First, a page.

My inner trader uses a trading model, which is a blend of price momentum (is the Trend Model

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A simple decision vs. a decision process

January 3, 2019

I got some pushback from a reader to my weekend post (see How to spot the bear market bottom) about the FT Alphaville article indicating that former Secretary of Defense Mattis raised concerns about how the White House lacked a decision making process. The reader went on to defend Trump’s decisions.
I try very hard to remain apolitical on this site. Everyone is entitled to their own opinion, but there is a distinction between a decision, and a process. Here is an example from the investment realm. Josh Brown recently ranted about people “who called the correction”. Click this link if the video is not visible.

[embedded content]
Josh Brown’s main complaints can be summarized as:
Anyone can make a market call. If you are wrong, very few people will remember, or you can delete your

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How much do the bulls have left in the tank?

January 2, 2019

Mid-week market update: Happy 2019 to everyone. The post-Christmas period started off with a bang. After bottom out on December 24, the stock market enjoyed four consecutive days of gains – until today when it was spooked overnight by a series of disappointing PMI prints.
The Caixin Manufacturing PMI fell to 49.7 from 50.2 (50.0 expected), indicating contraction. As a reminder, the Caixin PMI differs from China`s official PMI as the Caixin measures mostly the activity of smaller companies, while the official PMI measures the activity of larger SOEs. 

Beijing has responded to past episodes of weakness with a stimulus program, but the stimulus announced so far has been underwhelming, as it has consisted mostly of targeted tax cuts. Anne Stevenson-Yang of J-Capital observed that China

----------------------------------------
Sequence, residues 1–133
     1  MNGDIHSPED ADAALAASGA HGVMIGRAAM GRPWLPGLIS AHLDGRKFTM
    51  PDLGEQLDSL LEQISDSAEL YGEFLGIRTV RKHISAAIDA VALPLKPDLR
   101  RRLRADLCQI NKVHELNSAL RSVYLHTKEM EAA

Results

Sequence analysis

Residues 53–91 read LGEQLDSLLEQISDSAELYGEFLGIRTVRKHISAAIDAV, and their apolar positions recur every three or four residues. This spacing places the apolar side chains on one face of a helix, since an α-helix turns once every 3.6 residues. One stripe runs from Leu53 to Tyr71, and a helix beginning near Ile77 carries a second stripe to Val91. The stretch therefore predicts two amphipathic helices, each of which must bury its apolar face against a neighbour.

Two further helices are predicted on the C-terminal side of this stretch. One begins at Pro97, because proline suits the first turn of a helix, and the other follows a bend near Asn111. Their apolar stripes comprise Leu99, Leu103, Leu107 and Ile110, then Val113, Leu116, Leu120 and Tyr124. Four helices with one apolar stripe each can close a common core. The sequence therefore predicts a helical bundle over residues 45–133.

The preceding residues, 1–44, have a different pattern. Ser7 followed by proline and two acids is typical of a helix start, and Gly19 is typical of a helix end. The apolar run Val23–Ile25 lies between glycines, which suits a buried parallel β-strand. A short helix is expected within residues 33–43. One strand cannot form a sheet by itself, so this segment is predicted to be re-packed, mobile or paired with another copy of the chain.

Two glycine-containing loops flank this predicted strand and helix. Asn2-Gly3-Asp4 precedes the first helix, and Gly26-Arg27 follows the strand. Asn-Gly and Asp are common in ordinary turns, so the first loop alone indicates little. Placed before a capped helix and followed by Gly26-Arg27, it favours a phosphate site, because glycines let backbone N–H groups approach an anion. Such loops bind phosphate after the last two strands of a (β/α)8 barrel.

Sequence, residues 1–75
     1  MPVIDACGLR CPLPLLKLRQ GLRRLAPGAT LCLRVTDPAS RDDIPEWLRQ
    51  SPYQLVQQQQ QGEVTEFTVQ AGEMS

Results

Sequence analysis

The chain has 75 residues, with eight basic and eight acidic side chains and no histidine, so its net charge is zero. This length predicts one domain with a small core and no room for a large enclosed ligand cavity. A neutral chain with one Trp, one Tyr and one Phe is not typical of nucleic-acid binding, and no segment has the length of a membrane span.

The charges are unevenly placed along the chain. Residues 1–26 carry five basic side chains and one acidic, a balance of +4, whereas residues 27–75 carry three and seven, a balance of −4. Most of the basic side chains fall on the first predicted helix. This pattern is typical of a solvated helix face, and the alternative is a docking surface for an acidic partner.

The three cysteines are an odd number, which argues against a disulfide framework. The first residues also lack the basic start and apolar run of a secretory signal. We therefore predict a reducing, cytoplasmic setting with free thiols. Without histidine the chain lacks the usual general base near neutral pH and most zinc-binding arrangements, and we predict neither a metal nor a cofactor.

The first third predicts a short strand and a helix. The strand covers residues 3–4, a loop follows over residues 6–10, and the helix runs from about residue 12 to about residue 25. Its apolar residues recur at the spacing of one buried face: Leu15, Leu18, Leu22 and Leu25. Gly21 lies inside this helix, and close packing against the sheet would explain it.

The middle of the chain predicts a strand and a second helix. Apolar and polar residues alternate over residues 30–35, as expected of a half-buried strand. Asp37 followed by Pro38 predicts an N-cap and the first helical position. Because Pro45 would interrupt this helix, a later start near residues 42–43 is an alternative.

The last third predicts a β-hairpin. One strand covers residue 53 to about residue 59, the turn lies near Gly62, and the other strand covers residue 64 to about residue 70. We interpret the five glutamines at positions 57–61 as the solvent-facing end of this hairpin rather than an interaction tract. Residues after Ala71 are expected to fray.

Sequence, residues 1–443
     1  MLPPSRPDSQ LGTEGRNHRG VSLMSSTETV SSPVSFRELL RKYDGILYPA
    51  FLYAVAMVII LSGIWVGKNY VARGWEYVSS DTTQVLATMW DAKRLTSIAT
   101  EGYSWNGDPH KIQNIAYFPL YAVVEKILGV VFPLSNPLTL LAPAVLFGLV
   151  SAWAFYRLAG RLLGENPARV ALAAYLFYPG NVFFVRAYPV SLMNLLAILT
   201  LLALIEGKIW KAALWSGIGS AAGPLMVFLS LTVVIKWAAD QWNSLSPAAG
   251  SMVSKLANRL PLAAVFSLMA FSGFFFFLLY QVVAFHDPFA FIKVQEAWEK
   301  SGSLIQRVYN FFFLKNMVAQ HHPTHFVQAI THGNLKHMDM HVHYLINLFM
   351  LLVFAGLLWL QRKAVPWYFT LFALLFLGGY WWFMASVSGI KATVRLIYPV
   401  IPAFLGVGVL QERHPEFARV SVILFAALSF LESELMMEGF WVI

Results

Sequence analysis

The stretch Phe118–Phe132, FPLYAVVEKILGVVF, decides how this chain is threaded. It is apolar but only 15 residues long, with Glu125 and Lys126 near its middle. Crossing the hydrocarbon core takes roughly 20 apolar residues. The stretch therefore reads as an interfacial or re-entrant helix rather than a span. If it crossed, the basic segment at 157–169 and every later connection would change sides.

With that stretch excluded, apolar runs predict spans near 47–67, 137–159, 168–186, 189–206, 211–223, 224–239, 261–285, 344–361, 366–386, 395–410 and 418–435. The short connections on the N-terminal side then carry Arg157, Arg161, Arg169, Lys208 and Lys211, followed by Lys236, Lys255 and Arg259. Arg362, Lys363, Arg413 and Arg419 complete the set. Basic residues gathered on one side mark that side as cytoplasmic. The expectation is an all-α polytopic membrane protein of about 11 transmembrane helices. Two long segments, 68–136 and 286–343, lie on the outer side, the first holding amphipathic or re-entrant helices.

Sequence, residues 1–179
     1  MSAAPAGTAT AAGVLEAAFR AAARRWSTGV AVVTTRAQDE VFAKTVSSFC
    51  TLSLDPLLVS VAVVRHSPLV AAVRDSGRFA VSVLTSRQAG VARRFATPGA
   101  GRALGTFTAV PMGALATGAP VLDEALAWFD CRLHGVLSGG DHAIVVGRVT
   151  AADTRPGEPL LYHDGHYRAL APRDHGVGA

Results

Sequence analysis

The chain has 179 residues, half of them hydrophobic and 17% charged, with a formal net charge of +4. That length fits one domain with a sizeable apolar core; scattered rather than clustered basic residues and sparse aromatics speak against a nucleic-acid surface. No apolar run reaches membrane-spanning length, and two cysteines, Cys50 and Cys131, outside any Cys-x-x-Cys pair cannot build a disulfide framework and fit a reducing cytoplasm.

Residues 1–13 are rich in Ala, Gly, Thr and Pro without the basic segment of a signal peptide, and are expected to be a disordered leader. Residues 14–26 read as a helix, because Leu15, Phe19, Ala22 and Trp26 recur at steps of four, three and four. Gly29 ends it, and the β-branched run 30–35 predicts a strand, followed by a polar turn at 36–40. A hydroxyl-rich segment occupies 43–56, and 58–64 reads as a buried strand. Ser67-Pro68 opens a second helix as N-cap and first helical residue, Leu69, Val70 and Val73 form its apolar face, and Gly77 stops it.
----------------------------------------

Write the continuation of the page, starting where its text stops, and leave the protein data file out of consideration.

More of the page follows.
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How to spot the bear market bottom

December 30, 2018

Preface: Explaining our market timing modelsWe maintain several market timing models, each with differing time horizons. The “Ultimate Market Timing Model” is a long-term market timing model based on the research outlined in our post, Building the ultimate market timing model. This model tends to generate only a handful of signals each decade.
The Trend Model is an asset allocation model which applies trend following principles based on the inputs of global stock and commodity price. This model has a shorter time horizon and tends to turn over about 4-6 times a year. In essence, it seeks to answer the question, “Is the trend in the global economy expansion (bullish) or contraction (bearish)?”
My inner trader uses a trading model, which is a blend of price momentum (is the Trend Model

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A 2018 report card

December 26, 2018

The year is nearly over, and it is time to issue a report card for my investor and trading models. Overall, both had good years, except for the trading blemish at year-end.